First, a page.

Between 1818 and 1824, radical printer and publisher Richard Carlile made a determined effort to disseminate copies of Thomas Paine's banned text The Age of Reason in England. Despite strict censorship laws and harsh legal penalties used to curtail previous publishers of this title, Carlile employed a number of creative techniques that kept Paine's deistic writings in print and in circulation during the Regency period. These included republishing public domain court documents when he was charged with seditious libel and reading The Age of Reason in its entirety into testimony during his trial, making it part of the public record. Copied from trial transcripts and reprinted in cheap pamphlet form, Carlile's editions of The Age of Reason would sell an impressive 20,000 copies in these formats. He managed to provide wide-scale access to a work that had been suppressed by the British government since its original publication in 1794. My paper argues that Carlile's approach to subverting Regency-era censorship of The Age of Reason provided an early test for the recognition of the public domain in British law. Instead of continuing to suppress this text, the British government acknowledged the public's right to read the text in this format, allowing Carlile to use his own court documents to continue its publication. This event paved the way for recognition of the public ownership of texts and access to public records in nineteenth-century British print culture.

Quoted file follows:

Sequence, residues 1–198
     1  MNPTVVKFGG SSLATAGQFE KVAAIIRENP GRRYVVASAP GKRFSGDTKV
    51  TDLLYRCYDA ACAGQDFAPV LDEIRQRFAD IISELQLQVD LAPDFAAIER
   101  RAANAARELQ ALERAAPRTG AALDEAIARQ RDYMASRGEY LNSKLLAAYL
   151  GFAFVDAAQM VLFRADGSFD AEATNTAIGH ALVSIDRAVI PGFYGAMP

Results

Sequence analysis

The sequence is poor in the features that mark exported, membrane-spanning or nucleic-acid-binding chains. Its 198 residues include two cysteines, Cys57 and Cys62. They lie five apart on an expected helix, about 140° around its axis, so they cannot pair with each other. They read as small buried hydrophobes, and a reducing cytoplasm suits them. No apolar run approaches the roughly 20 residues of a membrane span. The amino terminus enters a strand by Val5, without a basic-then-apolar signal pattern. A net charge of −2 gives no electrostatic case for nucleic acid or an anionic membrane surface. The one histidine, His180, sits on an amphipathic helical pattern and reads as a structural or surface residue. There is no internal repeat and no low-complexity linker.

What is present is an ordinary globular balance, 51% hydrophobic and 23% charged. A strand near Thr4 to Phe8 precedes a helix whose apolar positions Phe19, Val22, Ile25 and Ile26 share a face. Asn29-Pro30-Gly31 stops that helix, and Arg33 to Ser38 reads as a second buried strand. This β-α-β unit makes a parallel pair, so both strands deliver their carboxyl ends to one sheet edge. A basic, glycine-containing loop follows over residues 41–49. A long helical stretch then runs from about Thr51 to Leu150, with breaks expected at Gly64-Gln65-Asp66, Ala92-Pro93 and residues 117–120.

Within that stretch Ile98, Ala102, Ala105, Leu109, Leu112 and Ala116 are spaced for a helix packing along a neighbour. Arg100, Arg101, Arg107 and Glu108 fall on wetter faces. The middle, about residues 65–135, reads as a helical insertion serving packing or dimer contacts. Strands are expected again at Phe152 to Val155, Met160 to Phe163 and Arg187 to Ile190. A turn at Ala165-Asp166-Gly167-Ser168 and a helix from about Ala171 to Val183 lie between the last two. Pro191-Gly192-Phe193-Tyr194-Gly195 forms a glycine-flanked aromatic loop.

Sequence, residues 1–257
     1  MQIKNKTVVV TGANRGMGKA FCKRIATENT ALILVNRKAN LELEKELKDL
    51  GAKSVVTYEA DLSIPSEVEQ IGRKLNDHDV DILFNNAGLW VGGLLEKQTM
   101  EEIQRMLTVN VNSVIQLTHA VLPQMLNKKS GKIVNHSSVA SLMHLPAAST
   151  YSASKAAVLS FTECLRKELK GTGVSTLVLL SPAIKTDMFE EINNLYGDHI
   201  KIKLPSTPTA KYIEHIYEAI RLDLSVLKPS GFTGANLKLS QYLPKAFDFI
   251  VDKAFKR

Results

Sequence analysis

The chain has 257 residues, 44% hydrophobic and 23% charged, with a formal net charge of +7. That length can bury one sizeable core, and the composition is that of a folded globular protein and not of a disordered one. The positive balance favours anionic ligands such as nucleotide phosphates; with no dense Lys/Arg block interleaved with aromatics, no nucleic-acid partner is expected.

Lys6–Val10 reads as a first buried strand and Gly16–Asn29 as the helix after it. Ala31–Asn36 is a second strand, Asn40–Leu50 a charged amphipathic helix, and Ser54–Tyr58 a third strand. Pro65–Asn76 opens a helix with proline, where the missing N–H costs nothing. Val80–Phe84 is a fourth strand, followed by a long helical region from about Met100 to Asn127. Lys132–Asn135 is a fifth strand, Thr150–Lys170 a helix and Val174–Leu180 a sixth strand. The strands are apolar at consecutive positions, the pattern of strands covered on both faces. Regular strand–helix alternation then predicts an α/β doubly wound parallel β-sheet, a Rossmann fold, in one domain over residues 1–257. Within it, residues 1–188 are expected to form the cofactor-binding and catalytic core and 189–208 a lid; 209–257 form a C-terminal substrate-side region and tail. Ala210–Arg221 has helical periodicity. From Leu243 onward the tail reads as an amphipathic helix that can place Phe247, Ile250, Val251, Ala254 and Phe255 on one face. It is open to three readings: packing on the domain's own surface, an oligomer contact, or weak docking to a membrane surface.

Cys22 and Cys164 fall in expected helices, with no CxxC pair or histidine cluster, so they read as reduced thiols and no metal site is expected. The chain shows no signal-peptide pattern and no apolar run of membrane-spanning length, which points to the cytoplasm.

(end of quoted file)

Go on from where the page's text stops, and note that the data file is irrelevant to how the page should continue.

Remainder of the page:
College and Department

Humanities; English



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public domain, print culture, publishing, romanticism, radicalism, Thomas Paine, deism, public documents, public records, copyright, intellectual property, The Age of Reason